Apparatus and method for geological drilling and coring

Apparatus and method for complete reverse air vacuum drilling by entrainment of chips and dust in a high velocity air stream created by applying a vacuum to the drill stem or the annulus of a drilled hole, removing the drilled particles by entrainment in the flow of air created by the vacuum and collection of the drilled particles for visual or other analysis.

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The field of the invention is the drilling and coring of geological structures and obtaining continuous and rapid delivery of strata material as it is being drilled.


Drilling apparatus and methods involving creating an airflow through the drill stem in a drilled hole for withdrawing the drilled particles upward from the bottom of the hole are known. For example, see U.S. Pat. No. 3,291,229, issued Dec. 13, 1966. However, collection of the sampled material, using the known systems, has been very costly and time-consuming with a relatively low degree of accuracy in obtaining a sample which is readily indicative of the subterranean formations. Furthermore, there is no known apparatus or method for switching from the dry method to other methods of drilling in a matter of seconds. Ordinarily, this operation would require lengthy delays while very complex machinery transfers could be undertaken.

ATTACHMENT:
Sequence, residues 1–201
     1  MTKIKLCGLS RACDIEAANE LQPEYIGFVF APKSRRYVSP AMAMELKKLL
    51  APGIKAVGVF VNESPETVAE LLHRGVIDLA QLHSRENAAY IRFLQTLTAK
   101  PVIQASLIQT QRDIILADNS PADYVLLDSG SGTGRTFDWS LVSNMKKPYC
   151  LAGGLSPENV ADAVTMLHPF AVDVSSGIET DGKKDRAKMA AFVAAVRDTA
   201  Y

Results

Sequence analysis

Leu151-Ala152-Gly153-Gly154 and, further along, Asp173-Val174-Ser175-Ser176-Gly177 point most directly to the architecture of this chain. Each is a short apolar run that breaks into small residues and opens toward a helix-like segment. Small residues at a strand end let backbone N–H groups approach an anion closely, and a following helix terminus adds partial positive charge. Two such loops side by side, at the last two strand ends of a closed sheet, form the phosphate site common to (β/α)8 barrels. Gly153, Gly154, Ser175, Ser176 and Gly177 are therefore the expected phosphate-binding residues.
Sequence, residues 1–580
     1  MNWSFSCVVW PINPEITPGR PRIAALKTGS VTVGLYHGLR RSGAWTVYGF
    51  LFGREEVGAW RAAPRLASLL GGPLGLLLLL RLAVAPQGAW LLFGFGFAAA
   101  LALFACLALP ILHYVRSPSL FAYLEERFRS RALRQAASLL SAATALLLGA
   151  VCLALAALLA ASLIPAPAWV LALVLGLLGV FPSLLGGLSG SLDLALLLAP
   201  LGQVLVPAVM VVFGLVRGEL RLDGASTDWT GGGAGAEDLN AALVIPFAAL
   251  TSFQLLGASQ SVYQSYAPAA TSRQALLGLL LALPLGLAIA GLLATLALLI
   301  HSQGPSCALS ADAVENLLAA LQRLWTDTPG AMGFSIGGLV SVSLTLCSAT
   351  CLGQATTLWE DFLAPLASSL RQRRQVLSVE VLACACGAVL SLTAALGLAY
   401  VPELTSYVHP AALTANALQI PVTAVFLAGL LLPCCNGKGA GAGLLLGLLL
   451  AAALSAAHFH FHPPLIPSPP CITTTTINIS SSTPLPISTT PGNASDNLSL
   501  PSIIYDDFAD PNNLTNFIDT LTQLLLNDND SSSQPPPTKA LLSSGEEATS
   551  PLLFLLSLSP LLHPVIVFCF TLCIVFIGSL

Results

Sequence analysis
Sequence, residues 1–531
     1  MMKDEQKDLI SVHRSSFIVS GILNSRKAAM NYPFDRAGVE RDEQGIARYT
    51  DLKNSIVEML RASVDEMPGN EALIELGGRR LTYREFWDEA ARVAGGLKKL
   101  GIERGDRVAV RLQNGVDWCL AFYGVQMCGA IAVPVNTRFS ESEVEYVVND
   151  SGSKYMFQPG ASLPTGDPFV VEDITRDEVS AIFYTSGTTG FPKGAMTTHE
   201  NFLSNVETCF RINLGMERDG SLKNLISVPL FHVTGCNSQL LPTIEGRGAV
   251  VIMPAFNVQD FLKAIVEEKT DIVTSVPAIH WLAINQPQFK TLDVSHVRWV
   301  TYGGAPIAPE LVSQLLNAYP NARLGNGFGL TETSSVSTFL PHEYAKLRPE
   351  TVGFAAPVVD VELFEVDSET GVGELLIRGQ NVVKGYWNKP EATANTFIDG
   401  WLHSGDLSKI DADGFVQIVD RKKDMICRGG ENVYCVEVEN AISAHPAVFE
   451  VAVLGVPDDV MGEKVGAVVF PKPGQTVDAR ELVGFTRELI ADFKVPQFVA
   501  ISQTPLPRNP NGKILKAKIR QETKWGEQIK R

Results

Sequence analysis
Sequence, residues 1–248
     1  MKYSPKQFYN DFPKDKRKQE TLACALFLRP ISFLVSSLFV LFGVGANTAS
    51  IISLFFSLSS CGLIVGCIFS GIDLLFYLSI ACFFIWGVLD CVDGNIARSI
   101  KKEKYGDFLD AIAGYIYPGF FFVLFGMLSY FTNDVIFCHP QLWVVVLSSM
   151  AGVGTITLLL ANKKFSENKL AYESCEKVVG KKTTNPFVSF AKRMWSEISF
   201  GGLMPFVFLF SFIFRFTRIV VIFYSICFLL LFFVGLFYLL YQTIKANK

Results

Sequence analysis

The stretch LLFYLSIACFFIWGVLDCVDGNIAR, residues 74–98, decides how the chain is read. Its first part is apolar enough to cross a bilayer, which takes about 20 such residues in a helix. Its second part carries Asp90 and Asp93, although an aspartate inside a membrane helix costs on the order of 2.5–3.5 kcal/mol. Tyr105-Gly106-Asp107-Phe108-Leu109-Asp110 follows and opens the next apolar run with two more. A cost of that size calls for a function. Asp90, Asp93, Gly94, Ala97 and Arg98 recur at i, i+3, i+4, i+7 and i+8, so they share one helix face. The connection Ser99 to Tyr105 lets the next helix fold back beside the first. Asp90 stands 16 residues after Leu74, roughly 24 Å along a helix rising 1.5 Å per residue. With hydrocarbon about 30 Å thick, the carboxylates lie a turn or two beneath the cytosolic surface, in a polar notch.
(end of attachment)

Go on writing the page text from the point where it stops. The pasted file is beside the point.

It is a general object of the present invention to provide a new and novel machine a method for removing strata material from any geological surface and collecting it in an accurate, fast and easy manner without interrupting the drilling process.

It is a further object of the present invention to provide for drilling geological samples without polluting the atmosphere with dust particles.

It is another object to obtain 100% recovery of the sample material.

It is yet another object of this invention to provide a more rapid visual correlation between the sample taken and the depth at which the sample was extracted.

Still another object of this invention is a machine having a manifold means which allows switching from dry drilling when water or other unsatisfactory conditions are encountered, and switching back to dry drilling when the conditions have been overcome.

Another object of this invention is an apparatus and method which permits continuous drilling even through "thief" formations or old tunnels.

Other objects and advantages will become apparent from the following description and drawings.


FIG. 1 is a schematic side elevation view of a preferred drilling apparatus according to the invention;

FIG. 2 is a functional schematic of the apparatus showing the relationships of the components;

FIG. 3 is a sectional view, on an enlarged scale, of the final dry collector unit showing also a portion of the truck bed on whcih it is carried;

FIG. 4 is a top plan view, on a reduced scale, of the collector unit, parts being broken away for purposes of illustration;

FIG. 5 is a schematic view showing an arrangement at the top of the hole for utilization in applying a reverse vacuum or supplying air to the annulus;

FIG. 6 is a perspective view showing a stand for and a collector bag; and

FIG. 7 is a partly sectional view of a preferred drilling bit and connector assembly.